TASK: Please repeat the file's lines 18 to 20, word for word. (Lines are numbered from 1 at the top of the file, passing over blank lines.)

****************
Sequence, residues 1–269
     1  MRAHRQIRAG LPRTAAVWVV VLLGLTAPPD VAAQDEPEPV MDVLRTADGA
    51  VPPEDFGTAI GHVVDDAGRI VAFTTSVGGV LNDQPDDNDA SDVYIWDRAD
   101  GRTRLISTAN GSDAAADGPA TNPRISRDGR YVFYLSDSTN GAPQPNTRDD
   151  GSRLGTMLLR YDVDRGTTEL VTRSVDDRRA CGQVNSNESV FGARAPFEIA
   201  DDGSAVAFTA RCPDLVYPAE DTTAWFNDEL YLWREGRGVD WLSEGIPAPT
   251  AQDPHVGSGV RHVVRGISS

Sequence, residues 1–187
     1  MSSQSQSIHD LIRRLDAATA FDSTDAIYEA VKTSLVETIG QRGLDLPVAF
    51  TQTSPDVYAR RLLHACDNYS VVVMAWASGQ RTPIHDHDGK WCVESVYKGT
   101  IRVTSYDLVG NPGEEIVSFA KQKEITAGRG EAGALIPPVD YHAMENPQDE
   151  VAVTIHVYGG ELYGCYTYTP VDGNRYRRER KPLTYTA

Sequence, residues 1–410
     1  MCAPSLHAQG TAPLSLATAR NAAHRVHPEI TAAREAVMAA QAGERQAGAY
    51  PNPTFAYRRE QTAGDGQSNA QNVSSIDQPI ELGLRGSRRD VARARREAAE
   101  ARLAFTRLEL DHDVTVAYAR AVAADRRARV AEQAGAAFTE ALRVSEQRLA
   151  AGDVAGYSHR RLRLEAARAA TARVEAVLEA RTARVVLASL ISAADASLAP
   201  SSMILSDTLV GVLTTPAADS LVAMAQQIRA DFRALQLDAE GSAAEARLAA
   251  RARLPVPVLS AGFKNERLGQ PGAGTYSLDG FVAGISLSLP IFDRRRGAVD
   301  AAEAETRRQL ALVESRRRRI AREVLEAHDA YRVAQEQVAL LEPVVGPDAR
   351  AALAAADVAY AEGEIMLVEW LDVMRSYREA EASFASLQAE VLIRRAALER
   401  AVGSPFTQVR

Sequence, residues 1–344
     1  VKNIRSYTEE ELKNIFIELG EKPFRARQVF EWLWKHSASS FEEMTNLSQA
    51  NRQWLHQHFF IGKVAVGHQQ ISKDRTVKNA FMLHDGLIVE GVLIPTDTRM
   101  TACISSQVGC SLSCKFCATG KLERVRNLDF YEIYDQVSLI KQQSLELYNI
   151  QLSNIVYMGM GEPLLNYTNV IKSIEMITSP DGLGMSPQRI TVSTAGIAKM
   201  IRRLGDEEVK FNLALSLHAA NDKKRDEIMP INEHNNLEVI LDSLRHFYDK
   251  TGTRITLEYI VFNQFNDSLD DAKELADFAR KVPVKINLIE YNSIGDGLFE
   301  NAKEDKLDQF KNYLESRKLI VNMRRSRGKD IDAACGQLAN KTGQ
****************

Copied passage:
   201  SSMILSDTLV GVLTTPAADS LVAMAQQIRA DFRALQLDAE GSAAEARLAA
   251  RARLPVPVLS AGFKNERLGQ PGAGTYSLDG FVAGISLSLP IFDRRRGAVD
   301  AAEAETRRQL ALVESRRRRI AREVLEAHDA YRVAQEQVAL LEPVVGPDAR